Heritage High School shortstop Ryan Jackson has been hitting things for as long as he can remember.
It turns out, all that activity has paid off.
Jackson has committed to the University of Nevada-Reno and recently topped off his high school career by being named Heritage’s Male Athlete of the Year.
“I feel very honored to receive that award,” Jackson said. “I worked very hard toward that goal. I loved getting the award.”
The dynamic infielder hit .457 with 86 hits, 45 RBI and 55 runs scored in 61 varsity games for the Patriots over four seasons, which included a two-game stint as varsity freshman and a four-game senior campaign halted by shelter-in-place restrictions, according to Maxpreps.com.
He is also a talented pitcher, finishing 5-1 with a 0.92 varsity ERA, 67 strikeouts and four saves in 16 appearances (45.2 innings), including eight starts.
His Male Athlete of the Year award is just the latest in a string of garnered honors, including a 2019 league MVP award; a Heritage High School’s MVP award; North Coast Section Baseball Player of the Year recognition; and Prep2Prep Junior of the Year acclaim.
“Ryan is not only a talented baseball player, but also a kid of high character,” said Kevin Brannan, Heritage head coach. “He is a team leader, who leads by example and is a great teammate.”
To nobody’s surprise, when Jackson was on the field, the Patriots succeeded.
He played his first full varsity season as a sophomore, when he hit .358 with 29 hits, 17 RBI and 19 runs scored, helping Heritage bounce back from a second-place Bay Valley Athletic League finish to win the league title and advance all the way to the North Coast Section semifinals.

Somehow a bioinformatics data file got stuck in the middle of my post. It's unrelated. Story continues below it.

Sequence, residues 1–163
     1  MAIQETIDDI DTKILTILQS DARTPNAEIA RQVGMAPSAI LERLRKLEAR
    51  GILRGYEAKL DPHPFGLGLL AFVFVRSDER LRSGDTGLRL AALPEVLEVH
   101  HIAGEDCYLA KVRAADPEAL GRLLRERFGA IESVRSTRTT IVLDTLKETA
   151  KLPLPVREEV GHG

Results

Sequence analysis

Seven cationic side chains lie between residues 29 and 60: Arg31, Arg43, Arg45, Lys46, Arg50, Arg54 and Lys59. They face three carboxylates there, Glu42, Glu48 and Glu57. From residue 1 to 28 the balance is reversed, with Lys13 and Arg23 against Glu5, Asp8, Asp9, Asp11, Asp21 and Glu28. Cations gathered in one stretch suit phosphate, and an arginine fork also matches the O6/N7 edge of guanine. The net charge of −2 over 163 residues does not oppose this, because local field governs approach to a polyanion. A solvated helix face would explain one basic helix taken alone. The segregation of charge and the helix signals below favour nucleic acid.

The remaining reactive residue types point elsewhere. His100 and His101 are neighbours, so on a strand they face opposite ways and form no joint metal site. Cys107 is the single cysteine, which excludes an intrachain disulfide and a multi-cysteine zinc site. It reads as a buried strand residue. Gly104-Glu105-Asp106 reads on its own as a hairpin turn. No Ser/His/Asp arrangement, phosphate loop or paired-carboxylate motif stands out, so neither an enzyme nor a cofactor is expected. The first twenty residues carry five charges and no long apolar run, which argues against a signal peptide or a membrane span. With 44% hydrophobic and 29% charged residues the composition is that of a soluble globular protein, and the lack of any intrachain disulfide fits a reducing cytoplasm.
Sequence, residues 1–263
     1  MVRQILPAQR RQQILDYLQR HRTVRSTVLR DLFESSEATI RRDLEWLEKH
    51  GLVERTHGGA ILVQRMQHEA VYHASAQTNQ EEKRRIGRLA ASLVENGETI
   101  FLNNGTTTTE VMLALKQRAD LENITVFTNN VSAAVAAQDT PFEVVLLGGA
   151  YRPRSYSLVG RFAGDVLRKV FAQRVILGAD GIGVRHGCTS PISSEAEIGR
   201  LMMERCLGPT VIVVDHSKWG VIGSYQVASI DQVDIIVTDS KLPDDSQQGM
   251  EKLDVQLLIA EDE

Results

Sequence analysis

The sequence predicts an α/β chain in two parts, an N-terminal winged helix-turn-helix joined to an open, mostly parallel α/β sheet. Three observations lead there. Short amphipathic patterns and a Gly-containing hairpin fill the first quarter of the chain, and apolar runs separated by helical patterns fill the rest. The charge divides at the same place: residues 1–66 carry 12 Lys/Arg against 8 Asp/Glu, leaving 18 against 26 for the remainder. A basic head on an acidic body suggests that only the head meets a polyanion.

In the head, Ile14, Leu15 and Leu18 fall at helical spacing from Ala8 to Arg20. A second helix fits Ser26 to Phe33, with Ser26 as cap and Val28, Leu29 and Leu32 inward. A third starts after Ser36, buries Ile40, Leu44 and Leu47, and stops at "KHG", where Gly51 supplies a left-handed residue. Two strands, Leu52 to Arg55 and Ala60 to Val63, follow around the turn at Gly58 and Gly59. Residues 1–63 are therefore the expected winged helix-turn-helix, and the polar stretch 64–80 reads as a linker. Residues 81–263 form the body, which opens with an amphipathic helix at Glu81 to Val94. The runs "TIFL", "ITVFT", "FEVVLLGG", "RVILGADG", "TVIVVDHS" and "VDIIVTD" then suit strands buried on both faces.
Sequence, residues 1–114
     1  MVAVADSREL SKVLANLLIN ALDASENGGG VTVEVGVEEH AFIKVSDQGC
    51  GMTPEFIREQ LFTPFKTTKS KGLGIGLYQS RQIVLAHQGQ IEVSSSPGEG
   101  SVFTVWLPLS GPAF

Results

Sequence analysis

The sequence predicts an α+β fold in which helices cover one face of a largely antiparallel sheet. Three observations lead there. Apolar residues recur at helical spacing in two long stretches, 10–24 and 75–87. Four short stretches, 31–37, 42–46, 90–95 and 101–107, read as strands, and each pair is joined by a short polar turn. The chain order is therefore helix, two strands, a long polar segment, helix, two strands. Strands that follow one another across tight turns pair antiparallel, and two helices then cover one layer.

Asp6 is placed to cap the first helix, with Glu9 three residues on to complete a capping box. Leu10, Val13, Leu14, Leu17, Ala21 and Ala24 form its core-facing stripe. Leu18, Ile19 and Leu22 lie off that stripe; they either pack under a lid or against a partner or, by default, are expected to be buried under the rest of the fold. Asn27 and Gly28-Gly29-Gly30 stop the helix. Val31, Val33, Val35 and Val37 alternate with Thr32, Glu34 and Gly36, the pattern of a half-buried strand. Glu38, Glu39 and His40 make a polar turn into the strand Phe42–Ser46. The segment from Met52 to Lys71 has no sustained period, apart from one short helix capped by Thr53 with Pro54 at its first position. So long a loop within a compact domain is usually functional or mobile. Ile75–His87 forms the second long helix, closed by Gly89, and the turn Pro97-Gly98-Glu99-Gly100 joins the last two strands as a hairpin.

A year later, he won the league MVP award as a junior, after hitting .582 with 53 hits, 28 RBI and 30 runs scored, propelling the squad to another league title and on to the North Coast Section title game.
“He had a season for the ages as a junior,” said Heritage Athletic Director Nate Smith. “We have had some great players, who (are now playing with the A’s and Yankee organizations), and you can make the case that Ryan’s season might have been the best individual season.”
Jackson parlayed his success into discussions with at least six other colleges, including San Jose State, St. Mary’s, Boise State, University of Utah, California State University, Long Beach and Cal State Northridge, before inking his future with University of Nevada, Reno.
But the 5-foot-10 shortstop’s achievements shouldn’t come as a surprise.
His parents were successful amateur baseball and softball players, and he’s been playing and improving for as long as he can remember — even when circumstances don’t swing his way.
Despite losing his high school senior season due to shelter-in-place restrictions, he continued to work out at home, train with a few of his teammates and maintain a focused hitting and throwing routine.
It’s all for good reason.
Before long, he’ll transition to college, where he says he plans to fundamentally improve, while gaining weight and increasing his strength and speed — hopefully all in three years — to enter the MLB draft.
“I love playing baseball,” he said. “I just love the teammates, everyone’s energy on the field. I just love it.”